Easter traditions have been around for a long time. For Christians, the Easter holiday marks the celebration of the resurrection of Christ. Per History.com, the decoration of eggs is believed to date back to at least the 13th century, while the Easter parade has even older roots. However, many may wonder, where did the Easter Bunny come from? This is especially perplexing as the Bible makes no mention of the cherished furry hare who delivers decorated eggs.
The Easter bunny concept is believed to have been brought to America in the 1700s by German immigrants. They settled in Pennsylvania and brought with them the tradition of an egg-laying rabbit called “Osterhase” or “Oster Haws.” The children created “nests” for the hare in which it could lay colorful eggs. A theory exists that Easter bunny origins stemmed from early pagan celebrations around the vernal equinox. As Christianity spread and missionaries blended traditions to ease transitions of new believers, the celebration of springtime and renewal of life, as represented by a hare or an egg, purportedly merged with religion.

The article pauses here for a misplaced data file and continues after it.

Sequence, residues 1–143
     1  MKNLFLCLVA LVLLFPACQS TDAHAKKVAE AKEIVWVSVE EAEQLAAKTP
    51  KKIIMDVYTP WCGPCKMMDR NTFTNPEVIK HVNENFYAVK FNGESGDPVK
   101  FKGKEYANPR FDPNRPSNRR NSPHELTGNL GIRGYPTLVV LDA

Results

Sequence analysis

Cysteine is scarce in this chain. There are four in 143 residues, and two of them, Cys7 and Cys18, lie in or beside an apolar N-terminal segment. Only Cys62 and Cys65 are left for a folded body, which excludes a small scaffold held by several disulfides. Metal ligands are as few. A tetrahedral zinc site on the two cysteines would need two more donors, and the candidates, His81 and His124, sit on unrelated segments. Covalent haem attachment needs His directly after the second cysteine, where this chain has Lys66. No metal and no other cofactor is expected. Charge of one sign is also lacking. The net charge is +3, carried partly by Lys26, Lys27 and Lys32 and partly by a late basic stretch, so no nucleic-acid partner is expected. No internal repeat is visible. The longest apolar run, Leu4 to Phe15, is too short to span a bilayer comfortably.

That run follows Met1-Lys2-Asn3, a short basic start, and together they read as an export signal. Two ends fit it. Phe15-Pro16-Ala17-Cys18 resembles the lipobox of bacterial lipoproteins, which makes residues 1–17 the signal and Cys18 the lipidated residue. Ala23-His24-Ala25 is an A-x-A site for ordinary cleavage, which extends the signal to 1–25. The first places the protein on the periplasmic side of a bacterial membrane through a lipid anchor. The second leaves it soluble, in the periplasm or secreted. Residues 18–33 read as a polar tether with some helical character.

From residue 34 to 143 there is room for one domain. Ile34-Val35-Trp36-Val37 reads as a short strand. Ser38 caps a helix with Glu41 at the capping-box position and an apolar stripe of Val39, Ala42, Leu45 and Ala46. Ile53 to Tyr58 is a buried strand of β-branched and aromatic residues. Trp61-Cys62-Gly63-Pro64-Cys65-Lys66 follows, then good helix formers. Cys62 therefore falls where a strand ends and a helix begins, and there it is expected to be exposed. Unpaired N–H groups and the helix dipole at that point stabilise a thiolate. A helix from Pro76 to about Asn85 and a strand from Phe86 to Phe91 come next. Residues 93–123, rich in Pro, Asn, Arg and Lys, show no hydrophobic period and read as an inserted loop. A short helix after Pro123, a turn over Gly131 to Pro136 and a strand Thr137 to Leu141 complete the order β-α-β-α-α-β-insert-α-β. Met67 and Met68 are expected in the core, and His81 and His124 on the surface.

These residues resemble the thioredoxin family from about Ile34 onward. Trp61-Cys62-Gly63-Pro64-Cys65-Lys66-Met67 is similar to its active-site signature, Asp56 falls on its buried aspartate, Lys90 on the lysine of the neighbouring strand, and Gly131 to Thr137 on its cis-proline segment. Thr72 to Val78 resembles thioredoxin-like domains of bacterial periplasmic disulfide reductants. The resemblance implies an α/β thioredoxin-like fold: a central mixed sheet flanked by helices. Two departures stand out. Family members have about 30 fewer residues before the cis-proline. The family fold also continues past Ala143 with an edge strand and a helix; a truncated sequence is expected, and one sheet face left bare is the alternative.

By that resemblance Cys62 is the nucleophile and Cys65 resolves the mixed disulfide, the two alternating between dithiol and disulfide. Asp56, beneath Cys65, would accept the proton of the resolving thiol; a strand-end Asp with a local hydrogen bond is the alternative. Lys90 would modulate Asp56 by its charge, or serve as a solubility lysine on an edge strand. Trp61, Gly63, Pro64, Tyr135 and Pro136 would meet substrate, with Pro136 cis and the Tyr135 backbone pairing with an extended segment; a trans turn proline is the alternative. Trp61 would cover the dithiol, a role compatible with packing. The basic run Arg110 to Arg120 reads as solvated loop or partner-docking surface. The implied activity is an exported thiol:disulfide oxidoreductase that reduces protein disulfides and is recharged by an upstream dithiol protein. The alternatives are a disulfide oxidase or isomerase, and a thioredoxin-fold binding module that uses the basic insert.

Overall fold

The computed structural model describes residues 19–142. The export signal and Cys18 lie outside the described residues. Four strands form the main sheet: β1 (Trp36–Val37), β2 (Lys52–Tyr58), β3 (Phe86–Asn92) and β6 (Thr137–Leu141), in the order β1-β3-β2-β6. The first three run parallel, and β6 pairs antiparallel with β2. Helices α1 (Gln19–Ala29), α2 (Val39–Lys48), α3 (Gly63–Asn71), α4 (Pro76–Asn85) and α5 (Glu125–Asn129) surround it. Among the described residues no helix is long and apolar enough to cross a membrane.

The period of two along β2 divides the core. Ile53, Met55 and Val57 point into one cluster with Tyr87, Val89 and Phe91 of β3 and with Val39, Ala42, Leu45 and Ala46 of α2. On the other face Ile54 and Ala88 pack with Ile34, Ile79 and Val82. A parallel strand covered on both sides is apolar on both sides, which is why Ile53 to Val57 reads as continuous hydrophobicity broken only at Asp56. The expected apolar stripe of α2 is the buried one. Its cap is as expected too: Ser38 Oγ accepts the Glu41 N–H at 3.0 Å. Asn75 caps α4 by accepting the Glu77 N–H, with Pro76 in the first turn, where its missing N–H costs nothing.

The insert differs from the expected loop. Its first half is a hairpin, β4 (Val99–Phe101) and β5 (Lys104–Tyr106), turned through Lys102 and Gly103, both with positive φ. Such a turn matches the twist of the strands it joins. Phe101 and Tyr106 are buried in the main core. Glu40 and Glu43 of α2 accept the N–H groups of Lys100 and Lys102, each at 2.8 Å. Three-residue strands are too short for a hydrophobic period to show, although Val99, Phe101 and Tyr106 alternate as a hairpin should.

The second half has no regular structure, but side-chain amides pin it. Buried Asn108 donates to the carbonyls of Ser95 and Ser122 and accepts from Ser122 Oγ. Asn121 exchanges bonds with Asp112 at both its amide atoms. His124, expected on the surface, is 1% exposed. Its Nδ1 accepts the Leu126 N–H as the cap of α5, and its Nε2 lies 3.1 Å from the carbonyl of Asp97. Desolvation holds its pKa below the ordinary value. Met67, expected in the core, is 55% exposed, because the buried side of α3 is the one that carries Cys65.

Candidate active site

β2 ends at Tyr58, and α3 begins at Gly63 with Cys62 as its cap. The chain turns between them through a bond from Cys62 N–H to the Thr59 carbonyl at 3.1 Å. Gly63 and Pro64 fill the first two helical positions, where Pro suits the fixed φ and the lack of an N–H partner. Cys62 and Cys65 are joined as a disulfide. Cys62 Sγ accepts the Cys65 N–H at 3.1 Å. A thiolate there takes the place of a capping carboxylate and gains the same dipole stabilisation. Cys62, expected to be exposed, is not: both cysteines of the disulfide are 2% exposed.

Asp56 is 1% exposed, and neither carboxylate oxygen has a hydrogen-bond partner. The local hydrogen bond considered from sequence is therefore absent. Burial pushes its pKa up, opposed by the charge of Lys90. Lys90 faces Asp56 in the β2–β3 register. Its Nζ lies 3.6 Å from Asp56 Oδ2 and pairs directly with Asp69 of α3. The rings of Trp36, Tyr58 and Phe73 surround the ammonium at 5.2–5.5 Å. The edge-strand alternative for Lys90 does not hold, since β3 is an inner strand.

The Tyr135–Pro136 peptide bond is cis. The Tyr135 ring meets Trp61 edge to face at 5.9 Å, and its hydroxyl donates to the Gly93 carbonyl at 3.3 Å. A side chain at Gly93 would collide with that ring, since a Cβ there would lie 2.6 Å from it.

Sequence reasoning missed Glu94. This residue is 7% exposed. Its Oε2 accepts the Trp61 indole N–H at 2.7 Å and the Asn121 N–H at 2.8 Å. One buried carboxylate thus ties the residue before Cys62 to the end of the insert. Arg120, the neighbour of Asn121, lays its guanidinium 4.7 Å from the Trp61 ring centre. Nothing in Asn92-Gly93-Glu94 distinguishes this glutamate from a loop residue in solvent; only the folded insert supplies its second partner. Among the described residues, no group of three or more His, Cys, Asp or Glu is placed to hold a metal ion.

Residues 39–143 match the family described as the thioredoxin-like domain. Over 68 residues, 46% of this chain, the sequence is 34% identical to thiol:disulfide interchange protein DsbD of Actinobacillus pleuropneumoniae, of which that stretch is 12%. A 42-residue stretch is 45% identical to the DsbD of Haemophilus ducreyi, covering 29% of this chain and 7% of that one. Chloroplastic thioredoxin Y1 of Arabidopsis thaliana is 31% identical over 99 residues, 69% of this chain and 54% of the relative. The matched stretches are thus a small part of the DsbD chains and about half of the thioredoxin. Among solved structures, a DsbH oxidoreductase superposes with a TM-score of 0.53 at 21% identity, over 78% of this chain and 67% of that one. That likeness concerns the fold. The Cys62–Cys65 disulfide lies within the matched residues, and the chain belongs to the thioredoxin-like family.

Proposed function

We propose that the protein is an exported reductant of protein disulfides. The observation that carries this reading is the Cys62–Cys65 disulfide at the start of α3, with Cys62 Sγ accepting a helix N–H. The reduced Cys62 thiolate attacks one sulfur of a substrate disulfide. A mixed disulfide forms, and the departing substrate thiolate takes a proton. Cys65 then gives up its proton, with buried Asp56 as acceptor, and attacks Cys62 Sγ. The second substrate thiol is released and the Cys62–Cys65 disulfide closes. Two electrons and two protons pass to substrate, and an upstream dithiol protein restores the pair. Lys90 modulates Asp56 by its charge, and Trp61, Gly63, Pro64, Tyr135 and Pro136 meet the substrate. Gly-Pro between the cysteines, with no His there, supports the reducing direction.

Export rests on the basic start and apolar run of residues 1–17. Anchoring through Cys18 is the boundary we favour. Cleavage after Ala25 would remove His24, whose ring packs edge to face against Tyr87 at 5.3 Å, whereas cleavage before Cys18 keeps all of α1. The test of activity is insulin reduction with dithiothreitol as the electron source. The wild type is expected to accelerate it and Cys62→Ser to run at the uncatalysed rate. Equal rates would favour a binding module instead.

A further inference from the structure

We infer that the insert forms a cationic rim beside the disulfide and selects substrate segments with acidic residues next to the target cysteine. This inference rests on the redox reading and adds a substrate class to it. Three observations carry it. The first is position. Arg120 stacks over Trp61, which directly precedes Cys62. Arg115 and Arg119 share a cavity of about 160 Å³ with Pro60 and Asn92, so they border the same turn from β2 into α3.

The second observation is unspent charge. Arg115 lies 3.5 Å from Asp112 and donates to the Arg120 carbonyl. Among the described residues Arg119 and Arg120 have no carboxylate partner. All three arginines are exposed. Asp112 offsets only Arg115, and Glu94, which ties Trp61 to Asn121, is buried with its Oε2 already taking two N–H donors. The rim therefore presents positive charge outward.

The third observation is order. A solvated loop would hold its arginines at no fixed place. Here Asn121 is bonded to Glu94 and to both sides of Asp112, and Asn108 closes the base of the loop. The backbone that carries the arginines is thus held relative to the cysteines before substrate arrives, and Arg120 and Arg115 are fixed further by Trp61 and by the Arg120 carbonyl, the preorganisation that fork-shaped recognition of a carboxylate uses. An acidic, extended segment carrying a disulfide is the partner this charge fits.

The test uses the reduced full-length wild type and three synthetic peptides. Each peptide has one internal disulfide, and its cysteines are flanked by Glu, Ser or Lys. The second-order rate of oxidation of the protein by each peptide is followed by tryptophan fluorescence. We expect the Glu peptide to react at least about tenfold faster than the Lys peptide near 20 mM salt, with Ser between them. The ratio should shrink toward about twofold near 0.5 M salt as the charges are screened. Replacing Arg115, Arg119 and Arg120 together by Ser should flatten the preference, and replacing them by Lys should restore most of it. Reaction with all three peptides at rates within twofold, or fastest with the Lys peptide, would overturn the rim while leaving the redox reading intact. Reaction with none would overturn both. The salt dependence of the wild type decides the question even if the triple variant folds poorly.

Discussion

Today, the Easter bunny is largely associated with the Christian celebration of Easter. However, since the Easter bunny carries no religious significance by itself, children of all religions may enjoy decorating eggs, attending egg hunts, and getting baskets of chocolate or candies. While we can’t point with certainty to the origins of the rabbit, we do know that the Germans who came to America carried with them the beloved tradition of the Easter Bunny that has grown epically and still puts smiles on the faces of young and old across the USA.